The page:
Library Art committee launches new push to support student expression through sharing sketchbooks

To most students, Watzek Library represents a collection of finished products. Yet this year, Watzek has made an effort to promote an interactive art. It takes the form of public and personal sketchbooks, which are distributed around the library and available for checkout respectively, in which students are encouraged to express themselves using any art form.

“We were talking about how can we bring artistic expression into the library,” David Shratter, the Assistant Supervisor of Circulation said. “How we can bring student expression visually into the library.”

The sketchbooks are the result of the efforts of the Library Art Committee, which is made up of Chair Erica Jensen, Michelle Pennock, Melissa Roane, and Shratter. The committee got their inspiration from The Sketchbook Project, an art initiative in Brooklyn.

Patrons of The Sketchbook Project pick up a small sketchbook, which they then fill with art. The Sketchbook Project collects these finished sketchbooks, which they display and tour around the country.

The project in Watzek works in much of the same way. Students can either chose to contribute to one of the three public sketchbooks in the periodical room, at the top of the stairs, and near the writing center, or check out a personal sketchbook that they later return to be archived.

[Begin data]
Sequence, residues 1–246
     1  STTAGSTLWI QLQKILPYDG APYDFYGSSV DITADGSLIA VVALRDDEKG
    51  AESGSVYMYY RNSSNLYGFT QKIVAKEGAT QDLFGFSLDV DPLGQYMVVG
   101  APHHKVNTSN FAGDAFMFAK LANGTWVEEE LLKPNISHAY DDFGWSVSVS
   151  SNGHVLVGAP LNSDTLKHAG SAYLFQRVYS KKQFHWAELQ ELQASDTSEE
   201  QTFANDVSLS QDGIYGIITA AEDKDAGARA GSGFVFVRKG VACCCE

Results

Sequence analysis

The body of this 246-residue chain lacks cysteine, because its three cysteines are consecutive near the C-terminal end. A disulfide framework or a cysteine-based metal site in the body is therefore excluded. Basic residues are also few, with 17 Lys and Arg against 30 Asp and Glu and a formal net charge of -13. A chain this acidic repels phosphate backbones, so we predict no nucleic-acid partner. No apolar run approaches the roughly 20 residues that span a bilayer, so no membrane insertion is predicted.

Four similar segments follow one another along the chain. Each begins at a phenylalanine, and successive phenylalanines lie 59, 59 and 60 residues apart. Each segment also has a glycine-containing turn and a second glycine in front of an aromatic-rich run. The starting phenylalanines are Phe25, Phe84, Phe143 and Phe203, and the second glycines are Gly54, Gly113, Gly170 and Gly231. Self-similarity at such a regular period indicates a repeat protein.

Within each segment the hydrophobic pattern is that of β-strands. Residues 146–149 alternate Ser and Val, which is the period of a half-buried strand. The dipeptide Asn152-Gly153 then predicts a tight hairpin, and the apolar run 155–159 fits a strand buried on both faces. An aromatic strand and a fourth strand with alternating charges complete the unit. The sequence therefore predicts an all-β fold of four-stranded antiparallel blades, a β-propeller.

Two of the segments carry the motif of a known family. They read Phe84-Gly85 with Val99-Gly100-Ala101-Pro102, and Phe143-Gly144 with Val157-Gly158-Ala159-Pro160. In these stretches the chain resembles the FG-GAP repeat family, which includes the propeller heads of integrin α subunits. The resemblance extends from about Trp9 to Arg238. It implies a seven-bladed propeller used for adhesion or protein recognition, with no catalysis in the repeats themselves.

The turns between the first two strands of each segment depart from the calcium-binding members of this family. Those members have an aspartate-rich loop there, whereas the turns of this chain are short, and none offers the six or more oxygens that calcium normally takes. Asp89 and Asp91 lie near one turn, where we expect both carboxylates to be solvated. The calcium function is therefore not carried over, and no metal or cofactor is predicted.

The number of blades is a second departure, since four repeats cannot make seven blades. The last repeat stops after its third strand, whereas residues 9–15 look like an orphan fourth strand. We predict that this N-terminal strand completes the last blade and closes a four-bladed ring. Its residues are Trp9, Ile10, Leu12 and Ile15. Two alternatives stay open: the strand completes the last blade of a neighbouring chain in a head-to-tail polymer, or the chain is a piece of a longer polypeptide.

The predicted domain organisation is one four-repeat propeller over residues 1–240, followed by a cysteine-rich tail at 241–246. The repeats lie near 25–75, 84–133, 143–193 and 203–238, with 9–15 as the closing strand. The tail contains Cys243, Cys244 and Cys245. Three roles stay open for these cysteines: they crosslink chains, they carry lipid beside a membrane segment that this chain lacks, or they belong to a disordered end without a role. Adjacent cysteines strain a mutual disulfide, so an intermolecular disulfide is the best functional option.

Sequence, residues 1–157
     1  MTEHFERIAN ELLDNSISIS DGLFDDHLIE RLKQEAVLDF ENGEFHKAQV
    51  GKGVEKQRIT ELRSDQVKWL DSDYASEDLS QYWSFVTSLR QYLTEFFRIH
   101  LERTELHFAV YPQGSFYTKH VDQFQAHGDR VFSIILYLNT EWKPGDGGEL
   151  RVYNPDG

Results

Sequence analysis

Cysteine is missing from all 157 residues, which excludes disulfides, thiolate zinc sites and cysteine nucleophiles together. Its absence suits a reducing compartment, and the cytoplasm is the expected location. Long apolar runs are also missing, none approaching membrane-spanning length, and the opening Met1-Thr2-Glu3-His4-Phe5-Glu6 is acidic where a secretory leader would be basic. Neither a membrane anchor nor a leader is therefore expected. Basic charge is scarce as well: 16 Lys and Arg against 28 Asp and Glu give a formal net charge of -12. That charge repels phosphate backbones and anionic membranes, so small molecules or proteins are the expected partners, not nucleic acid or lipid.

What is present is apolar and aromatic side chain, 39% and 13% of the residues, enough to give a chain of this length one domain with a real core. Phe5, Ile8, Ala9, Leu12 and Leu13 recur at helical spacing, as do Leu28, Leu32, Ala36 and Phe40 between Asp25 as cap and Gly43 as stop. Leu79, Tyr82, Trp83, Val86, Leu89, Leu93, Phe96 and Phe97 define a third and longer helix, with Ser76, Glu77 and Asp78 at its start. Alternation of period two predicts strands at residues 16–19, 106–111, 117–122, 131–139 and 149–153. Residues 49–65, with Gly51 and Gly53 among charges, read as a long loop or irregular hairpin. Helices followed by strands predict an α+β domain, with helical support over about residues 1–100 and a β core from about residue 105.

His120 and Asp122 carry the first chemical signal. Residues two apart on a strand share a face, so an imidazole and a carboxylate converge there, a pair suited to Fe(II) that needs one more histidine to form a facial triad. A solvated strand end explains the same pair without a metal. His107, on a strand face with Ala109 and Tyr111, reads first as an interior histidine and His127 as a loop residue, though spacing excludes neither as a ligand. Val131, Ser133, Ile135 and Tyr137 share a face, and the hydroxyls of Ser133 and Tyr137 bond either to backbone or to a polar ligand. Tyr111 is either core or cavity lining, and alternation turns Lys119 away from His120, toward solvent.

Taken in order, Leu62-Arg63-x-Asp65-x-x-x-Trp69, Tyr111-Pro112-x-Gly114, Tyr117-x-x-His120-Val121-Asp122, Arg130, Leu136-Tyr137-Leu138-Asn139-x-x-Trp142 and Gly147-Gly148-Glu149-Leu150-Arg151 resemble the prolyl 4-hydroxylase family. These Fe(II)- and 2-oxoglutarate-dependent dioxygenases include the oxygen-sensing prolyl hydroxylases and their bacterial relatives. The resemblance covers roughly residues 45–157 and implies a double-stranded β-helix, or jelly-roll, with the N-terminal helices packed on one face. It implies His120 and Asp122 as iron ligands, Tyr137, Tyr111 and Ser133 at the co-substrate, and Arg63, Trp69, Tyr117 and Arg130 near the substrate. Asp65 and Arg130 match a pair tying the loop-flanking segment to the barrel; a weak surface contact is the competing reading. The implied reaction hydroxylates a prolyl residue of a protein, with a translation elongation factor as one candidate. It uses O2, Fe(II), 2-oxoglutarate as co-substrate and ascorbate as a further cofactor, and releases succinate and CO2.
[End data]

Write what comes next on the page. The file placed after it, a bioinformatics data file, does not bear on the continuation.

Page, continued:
“There’s something, I think, for anybody who expresses themselves visually, some level of recognition or appreciation supports their efforts. And that’s really what we want to do as a library in general. Support the efforts of the community that we’re serving,” Shratter said.

Along with the sketchbooks, the library also provides art supplies for students to check out.

“It’s really about how to support the arts and bring it alive in the library. And support the students,” Shratter said. “The library is always about supporting students as best we can.”

So far, about 10 personal sketchbooks have been checked out, and none have been returned.

“We haven’t really intensely [publicized] it, because we’re just kind of thinking we’ll let it go [by] word of mouth and see how it works,” Shratter said.

Once students begin to return the personal sketchbooks, Watzek plans to archive and display them, so that other students may peruse each other’s work. Needless to say, the Library Art Committee is excited to “let the students know that we appreciate and support visual expression, especially theirs,” Shratter said.

In the meantime, students are encouraged to take a break from the onslaught of exams as the semester draws to a close, and spend time adding to and browsing through the work of their fellow students in the public sketchbooks.

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